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Better tasting porkFat is where it's at

Agriculture.com Staff 07/29/2009 @ 9:48am

Your job as a pork direct marketer is twofold. Marketing: make the sale. Production: Raise a product with the wow factor -- a product that turns aa casual customer into a repeat customer.

If you have any experience direct marketing, you know what works for you. You've sold to family and friends and other contacts. You have an attractive display at the local farmers market. You advertise on the Internet and in local papers.

Most of the cost in marketing is making that first sale. The profits lie in the repeat sales. Do you have a pork product that knocks people off their feet? Do people rave to their friends about your pork?

If not, there is a good chance your pork is too lean. Fat is where the flavor is. I read that blindfolded taste testers could not tell the difference between pork, beef, or chicken meat if all the fat was removed from the protein. Fat is what makes the taste.

How did pork become too lean? In the 1980s, most market hogs had over an inch of back fat at a market weight of 220 to 250 pounds. The meat-packers began to demand a leaner hog and were willing to pay producers for it. They also asked for heavier hogs to increase their throughput. Swine geneticists took the cue and bred hogs that stayed leaner to heavier market weights.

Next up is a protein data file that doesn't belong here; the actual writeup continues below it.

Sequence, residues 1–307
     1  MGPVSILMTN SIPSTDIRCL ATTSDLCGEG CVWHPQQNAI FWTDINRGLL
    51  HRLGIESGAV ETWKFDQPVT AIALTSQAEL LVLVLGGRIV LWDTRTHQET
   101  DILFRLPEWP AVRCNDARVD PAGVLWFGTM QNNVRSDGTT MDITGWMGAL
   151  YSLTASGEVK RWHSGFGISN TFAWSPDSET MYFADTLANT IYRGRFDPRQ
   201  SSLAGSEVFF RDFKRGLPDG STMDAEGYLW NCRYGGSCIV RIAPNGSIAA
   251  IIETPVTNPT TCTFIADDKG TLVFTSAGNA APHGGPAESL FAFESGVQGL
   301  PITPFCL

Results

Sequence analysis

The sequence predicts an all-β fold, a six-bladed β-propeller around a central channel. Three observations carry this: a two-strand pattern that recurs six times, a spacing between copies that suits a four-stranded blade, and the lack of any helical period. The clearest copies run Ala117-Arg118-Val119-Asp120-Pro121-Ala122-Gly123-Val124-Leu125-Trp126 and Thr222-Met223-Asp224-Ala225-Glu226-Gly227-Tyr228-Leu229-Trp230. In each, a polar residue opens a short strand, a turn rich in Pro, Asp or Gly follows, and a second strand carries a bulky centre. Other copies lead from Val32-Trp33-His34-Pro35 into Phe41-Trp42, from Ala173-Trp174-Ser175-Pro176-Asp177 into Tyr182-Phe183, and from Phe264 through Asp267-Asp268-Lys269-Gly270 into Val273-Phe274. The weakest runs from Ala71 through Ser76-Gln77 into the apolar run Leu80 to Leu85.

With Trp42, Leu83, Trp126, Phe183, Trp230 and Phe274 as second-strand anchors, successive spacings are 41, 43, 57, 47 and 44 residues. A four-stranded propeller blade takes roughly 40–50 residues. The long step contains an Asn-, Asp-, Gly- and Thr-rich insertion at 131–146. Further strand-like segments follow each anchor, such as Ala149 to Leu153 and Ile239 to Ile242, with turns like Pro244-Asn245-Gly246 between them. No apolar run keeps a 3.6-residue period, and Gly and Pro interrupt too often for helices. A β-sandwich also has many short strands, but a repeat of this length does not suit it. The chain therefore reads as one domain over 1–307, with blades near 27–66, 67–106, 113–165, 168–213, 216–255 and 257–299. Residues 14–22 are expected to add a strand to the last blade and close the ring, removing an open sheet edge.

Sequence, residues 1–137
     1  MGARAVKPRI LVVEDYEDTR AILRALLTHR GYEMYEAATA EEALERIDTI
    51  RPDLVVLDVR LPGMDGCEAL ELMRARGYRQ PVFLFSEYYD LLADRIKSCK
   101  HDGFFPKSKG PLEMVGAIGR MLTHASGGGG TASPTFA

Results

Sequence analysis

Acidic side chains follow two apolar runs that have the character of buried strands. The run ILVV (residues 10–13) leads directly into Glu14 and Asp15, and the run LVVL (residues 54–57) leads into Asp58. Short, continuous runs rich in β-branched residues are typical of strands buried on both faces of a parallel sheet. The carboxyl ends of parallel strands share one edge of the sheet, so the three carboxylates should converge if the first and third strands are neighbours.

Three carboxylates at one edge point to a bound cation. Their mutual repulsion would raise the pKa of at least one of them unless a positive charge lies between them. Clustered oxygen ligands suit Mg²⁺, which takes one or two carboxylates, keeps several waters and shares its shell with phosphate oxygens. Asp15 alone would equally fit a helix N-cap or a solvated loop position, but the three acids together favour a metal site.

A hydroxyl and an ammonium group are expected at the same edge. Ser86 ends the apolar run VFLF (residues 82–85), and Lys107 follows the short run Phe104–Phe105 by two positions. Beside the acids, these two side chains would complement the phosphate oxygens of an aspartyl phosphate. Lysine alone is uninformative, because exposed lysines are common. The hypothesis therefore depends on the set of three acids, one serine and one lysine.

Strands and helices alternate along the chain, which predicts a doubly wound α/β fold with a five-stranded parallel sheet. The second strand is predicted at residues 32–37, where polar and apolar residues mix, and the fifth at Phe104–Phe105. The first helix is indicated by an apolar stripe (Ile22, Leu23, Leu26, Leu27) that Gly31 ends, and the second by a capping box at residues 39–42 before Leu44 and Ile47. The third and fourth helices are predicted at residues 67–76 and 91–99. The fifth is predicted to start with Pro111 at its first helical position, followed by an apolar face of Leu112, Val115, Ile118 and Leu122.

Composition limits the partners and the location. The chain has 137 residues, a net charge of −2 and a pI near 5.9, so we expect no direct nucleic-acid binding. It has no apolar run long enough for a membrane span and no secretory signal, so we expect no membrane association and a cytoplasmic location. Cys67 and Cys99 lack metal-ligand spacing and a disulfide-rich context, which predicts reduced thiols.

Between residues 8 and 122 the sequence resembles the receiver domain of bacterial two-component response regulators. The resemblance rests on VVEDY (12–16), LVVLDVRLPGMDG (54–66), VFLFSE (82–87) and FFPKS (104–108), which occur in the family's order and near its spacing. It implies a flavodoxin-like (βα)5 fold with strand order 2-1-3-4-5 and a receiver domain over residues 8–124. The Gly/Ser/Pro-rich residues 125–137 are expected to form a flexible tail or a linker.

Consumers didn't want fat either. Fat was demonized in the national press as contributing to the obesity epidemic. The Pork Checkoff jumped on the lean bandwagon and began The Other White Meat advertising campaign. It was highly successful, and consumers began to think of pork as a healthy, white meat.

Unfortunately, it wasn't adequately communicated that pork is actually a red meat and only appears white after cooking. Consumers began to select the lighter-color pork from the display case and were largely disappointed since this is also the pork that is most likely to be inferior. The pork industry calls this type of pork pale, soft, and exudative, or PSE.

Consumers thought they were buying a chicken-like product and in many respects they were. Pork, however, doesn't make good chicken. So we ended up with drier, less flavorful, more expensive than chicken, chicken-like pork.

Now nearly everyone has realized that the pork industry swung the leanness pendulum too far. The meat-packers changed their buying grids to no longer reward the super-lean hogs. Geneticists began to breed hogs with more intramuscular fat (marbling). But it takes a long time to change the nation's swine herd, and pork is still quite lean. This is where your opportunity as a direct marketer lies.

What is pork like this worth? We receive 70 cents per pound for the pork we market as halves or whole hogs. This is on the low end of what many direct marketers charge. The average price for commodity hogs in 2008 was 40¢ per pound. This is a difference of $90 per hog on a 300-pound hog.

Your job as a pork direct marketer is twofold. Marketing: make the sale. Production: Raise a product with the wow factor -- a product that turns aa casual customer into a repeat customer.

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